Tip: Be sure to apply adequate downforce to avoid planter row unit bounce. In our study, planter row unit bounce due to light applied downforce cost 16 bushels in lost yield per acre. At $3.50/bushel corn and 500 acres, that’s an additional $28,000 that could be gained every year by using DeltaForce.
#3 Seed Spacing Uniformity has been in the farm press for the past 20 years as the benchmark of planter performance. While seed spacing is important for corn, it is only one of the many factors that need require our attention. Our research was a bit different than prior studies. In our studies we maintained the target population factor by ensuring we created as many doubles as skips by purposefully drilling two additional holes and plugging two pre-existing holes on the seed disk. The modified seed disk averaged 93.3% poor singulation vs. the control at 99.6% good singulation. The three-year study proved that yields improve as singulation accuracy improves by and subsequently spacing uniformity.
Tip: Be sure to know how accurate your singulation and spacing is. Check planter systems to make sure accuracy is achieved for every hybrid and seed size on every acre. A 5-bushel-per-acre loss due to average spacing accuracy equates to $8,750 @ $3.50 corn across 500 acres.
#4 Closing System should be set aggressive enough to uniformly close the seed furrow, but not so forceful that compaction over the row occurs. In our research, which was mostly in tilled soils, the first or second setting was sufficient to close the seed furrow consistently. In both years that we studied the closing systems, the most aggressive setting reduced yields. While this was true in our studies, a no-till system in certain soil types may require increased pressure to close the furrow. Closing wheel alignment and wheel spacing are also critical.
Tip: Seed-to-soil contact to ensure uniform moisture uptake and subsequent uniform emergence is essential to maximize corn yield with the planter pass. Set your closing system to achieve that goal.
#5 Faster Speed to take full advantage of the optimum planting window is not an issue if you have a planter equipped with SpeedTube or similar technology, but there are a few factors to keep in mind.
- Start with a smooth, level seedbed. As speed increases, planter row unit bounce increases.
- Adjust your planter for higher speeds. More downforce will be required to keep row units in the ground, and row cleaners should be adjusted to only touch residue to avoid soil movement.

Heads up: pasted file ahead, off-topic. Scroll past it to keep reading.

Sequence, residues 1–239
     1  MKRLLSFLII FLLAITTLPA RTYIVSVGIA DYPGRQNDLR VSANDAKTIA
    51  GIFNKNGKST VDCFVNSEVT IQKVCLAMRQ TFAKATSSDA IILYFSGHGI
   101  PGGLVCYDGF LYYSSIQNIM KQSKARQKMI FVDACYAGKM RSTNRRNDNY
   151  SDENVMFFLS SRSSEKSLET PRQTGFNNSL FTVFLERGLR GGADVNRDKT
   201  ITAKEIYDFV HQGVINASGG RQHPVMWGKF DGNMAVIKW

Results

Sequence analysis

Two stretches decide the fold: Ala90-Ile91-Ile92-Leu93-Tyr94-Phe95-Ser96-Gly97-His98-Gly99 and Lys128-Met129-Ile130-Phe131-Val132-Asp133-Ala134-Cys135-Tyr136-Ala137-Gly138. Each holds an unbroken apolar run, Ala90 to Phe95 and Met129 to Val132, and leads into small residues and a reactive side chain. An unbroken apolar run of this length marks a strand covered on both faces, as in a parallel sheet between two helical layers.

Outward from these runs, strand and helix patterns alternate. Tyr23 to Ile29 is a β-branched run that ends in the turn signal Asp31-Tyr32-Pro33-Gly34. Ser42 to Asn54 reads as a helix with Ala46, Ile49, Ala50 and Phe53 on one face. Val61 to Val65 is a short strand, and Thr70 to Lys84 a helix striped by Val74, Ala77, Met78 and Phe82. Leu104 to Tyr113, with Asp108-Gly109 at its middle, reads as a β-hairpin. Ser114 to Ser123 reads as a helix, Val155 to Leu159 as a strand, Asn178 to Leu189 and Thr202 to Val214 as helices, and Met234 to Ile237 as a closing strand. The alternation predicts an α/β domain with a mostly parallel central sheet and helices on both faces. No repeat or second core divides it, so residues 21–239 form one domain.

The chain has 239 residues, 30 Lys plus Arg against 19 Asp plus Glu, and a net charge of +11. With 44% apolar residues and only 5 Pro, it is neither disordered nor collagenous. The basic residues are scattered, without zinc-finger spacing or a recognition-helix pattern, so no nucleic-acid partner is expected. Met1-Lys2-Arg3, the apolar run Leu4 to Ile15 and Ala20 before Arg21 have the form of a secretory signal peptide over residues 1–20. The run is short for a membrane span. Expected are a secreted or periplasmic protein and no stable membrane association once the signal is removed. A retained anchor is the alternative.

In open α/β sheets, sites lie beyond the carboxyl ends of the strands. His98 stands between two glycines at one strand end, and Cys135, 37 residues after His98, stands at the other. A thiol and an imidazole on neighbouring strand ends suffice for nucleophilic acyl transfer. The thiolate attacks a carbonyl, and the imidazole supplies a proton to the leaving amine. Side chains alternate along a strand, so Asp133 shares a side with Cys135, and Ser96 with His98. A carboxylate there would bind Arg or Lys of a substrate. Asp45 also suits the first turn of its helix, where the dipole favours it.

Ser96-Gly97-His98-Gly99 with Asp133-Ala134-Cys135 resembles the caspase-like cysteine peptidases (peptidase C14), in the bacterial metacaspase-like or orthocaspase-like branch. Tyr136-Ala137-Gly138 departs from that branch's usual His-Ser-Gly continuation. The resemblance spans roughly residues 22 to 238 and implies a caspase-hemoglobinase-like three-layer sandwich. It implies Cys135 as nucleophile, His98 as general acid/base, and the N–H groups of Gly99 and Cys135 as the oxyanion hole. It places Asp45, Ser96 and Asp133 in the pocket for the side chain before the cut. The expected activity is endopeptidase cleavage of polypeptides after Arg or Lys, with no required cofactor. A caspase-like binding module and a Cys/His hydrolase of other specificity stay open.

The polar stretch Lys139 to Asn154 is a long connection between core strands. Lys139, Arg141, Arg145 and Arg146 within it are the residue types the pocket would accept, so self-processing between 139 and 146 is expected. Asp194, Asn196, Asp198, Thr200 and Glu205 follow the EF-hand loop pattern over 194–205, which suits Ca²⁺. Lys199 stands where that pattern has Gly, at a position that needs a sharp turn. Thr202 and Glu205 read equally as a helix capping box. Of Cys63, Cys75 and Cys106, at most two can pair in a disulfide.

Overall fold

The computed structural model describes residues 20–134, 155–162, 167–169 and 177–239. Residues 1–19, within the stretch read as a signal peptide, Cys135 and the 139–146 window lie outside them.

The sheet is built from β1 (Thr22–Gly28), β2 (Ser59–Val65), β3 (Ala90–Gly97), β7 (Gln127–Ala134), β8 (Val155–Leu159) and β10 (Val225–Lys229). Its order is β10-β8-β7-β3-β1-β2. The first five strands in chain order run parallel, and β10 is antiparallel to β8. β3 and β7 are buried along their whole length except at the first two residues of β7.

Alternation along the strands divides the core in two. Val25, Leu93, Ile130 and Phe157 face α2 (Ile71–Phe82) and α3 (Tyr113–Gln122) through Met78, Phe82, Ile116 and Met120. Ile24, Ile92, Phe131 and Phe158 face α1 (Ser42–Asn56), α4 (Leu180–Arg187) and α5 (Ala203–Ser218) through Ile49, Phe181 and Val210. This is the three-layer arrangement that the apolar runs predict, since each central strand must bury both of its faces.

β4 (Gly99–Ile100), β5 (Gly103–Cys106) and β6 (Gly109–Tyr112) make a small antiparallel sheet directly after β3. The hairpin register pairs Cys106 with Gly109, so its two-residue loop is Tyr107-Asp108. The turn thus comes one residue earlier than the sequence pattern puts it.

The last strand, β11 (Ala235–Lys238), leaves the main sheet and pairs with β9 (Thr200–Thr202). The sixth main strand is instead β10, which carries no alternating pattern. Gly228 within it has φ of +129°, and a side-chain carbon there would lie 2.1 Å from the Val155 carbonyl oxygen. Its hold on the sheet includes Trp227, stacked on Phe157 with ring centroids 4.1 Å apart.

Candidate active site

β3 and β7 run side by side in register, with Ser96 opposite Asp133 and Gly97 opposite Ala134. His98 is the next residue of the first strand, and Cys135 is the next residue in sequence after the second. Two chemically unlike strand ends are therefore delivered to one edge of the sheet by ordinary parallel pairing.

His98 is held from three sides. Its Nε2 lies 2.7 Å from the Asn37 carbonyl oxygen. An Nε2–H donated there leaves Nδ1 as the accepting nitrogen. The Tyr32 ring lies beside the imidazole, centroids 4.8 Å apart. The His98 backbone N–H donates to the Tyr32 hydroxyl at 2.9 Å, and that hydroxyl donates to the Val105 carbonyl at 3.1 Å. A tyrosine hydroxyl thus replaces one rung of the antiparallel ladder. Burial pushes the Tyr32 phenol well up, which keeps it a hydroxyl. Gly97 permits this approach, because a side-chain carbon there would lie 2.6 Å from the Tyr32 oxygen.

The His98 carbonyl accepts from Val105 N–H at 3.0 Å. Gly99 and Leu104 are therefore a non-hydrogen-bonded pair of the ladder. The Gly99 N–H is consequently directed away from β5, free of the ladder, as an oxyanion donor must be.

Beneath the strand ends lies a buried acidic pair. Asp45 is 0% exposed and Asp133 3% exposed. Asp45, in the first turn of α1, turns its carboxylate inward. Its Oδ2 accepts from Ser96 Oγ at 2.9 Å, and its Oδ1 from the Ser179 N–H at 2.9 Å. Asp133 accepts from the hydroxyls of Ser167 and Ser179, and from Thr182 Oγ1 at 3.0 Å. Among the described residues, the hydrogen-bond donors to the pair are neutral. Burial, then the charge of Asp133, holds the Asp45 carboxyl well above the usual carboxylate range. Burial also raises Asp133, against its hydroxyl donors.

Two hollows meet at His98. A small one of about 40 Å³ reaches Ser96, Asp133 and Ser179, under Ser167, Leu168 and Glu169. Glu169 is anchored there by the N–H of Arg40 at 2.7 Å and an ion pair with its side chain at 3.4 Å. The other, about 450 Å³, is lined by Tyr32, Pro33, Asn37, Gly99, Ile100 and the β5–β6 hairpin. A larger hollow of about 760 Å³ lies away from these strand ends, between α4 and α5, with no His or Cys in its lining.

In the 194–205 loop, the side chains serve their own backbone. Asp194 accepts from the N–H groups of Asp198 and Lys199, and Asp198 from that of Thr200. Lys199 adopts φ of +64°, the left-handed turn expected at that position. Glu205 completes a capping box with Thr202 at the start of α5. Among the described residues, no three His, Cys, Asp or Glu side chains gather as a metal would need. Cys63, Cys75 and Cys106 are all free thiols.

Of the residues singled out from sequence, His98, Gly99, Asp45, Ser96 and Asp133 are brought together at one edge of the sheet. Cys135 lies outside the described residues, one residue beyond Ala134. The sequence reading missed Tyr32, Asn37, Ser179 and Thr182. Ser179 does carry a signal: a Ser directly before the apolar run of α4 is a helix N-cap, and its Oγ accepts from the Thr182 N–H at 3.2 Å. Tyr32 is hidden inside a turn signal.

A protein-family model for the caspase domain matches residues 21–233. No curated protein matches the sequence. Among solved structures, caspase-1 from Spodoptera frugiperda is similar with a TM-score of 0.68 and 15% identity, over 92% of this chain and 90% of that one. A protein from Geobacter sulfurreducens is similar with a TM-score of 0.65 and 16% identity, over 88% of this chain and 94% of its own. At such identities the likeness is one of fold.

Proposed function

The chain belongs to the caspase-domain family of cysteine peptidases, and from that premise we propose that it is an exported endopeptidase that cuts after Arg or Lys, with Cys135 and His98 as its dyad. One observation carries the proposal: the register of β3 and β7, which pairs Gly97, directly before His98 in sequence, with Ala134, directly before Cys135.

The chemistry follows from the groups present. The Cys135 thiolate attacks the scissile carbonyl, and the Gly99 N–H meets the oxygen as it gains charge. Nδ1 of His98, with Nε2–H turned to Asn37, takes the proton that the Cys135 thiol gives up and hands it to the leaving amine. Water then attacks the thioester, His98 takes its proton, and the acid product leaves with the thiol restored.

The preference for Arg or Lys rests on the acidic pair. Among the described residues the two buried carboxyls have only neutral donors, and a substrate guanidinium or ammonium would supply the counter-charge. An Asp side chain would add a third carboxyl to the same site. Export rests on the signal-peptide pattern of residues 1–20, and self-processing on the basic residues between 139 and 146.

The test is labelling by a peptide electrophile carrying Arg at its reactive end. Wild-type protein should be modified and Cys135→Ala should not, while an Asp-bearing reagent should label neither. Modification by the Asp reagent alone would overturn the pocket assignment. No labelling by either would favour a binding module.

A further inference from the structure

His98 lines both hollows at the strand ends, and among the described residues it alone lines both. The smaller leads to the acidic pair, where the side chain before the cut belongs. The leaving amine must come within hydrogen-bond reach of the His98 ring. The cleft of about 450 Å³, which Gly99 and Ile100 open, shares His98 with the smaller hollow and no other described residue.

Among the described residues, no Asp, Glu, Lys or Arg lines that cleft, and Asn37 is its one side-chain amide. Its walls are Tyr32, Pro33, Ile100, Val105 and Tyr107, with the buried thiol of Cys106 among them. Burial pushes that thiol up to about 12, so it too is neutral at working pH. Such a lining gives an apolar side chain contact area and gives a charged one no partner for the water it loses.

- Make sure the tractor you are using has enough horsepower. Horsepower requirements go up substantially as speed increases.
If these factors are considered, it is possible to maintain spacing uniformity, uniformity of emergence and hit the narrow spring planting window at higher speeds. In our trials we did not see a significant difference in yield at the two planting speeds, as our planter equipped with DeltaForce and SpeedTubes maintained the same 99.6% seed singulation and spacing accuracy at both rates.
Tip: Evaluate your total planting system when making the jump to higher speeds.
For more information on Crop Tour Research Results including photos go to: https://myfarmlife.com/category/crop-care/agco-crop-tour/
For more information on White Planters see http://www.white-planters.com/
The AGCO team would like to thank our farmer cooperators and dealers that have made these trials possible.
They include farmers: Al Johnston, Gaul Farms, Kevin Trimble, Petermann Farms, Matt Bontrager, Steve Carls, Shannon Maloy, Darren Eickhoff, Dale Dirksen, Kevin Iczkowski, Kyle Muhlbauer, John Winehelm, Eric Munson, Harry Wentzien, Jake Moore, and Nelson Farms.
They include dealers: A.C. McCartney, Del Clay Implement, Plevna Implement, Ziegler Inc., Butler Ag Equipment, Lang Diesel Inc., Flanagan Implement, Ag Land Implement, United Farmer’s Co-op, Morning Sun Farm Equipment, Ohio Cat, Swiderski Equipment, Goos Implement, Robinson Implement, Merz Farm Equipment, Lund Implement, United Farmer’s Co-op, and Kuhn’s Equipment.